Categories: Blog

Ground-Penetrating Radar Raises Questions in Southern England

December 30, 2016

HARPENDEN, ENGLAND—The Herts Advertiser reports that archaeology student Alexander Thomas of Bristol University conducted a ground-penetrating radar survey on farmland scheduled for the construction of a new school building. Thomas says he has found “strong anomalies consistent with a large rectangular building constructed of brick or stone,” and chalk extraction pits. Historical records of the area from the medieval period through the nineteenth century note farm and mill buildings at the site, but not in the same spot as the anomaly, which he thinks could represent a large Roman industrial site and mining activity. Kris Lockyear of University College London points out, however, that no pottery, bricks, or roofing tiles have been found on the surface. “The pits are perfectly ordinary chalk pits which are dotted all over the Hertfordshire countryside used to extract chalk for marling, not for any industrial process,” Lockyear said. Archaeological fieldwork is planned before construction begins. For more, go to “A Villa under the Garden.”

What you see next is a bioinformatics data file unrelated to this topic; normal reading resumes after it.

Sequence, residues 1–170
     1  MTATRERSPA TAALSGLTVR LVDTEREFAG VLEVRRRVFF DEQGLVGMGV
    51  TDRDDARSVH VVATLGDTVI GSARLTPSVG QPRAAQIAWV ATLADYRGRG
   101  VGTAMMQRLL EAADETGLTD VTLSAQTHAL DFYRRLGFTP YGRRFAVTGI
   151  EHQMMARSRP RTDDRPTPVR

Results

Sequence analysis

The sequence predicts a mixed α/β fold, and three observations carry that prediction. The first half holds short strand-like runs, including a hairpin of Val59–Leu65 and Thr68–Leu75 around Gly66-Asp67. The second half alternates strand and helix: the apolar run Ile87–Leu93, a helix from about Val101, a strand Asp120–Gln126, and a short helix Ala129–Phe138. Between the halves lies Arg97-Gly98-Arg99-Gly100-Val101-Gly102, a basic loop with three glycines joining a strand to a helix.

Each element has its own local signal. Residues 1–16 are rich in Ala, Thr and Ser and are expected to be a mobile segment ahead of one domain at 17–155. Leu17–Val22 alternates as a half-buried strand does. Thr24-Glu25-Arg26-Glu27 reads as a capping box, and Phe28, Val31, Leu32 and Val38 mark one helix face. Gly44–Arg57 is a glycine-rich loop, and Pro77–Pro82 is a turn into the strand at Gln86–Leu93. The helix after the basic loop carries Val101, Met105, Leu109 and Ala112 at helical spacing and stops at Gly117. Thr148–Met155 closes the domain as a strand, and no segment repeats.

Categories: Blog

Excavation Reveals Traces of 17th-C. Fortress in Japan

December 30, 2016

OSAKA, JAPAN—The Asahi Shimbun reports that traces of Sanada Maru fortress have been found at Osaka Castle, located on the southern end of the island of Honshu. The fortress was built by warlord Sanada Nobushige during the Winter Campaign of the Siege of Osaka in 1614, and helped the Toyotomi clan repel the armies of the Tokugawa Shogunate, who eventually brought in artillery and dug under the fort’s walls. The fort was destroyed, and the moat at Osaka Castle was filled in after the Shogunate forces won the battle. Sanada Maru “may have been larger than previously assumed,” said Yoshihiro Senda of Nara University. The topography of the site suggests that the fort was rectangular in shape, and measured 380 by 330 yards. For more, go to “Japan’s Early Anglers.”

Categories: Blog

Excavation of Magarsus Continues in Turkey

December 29, 2016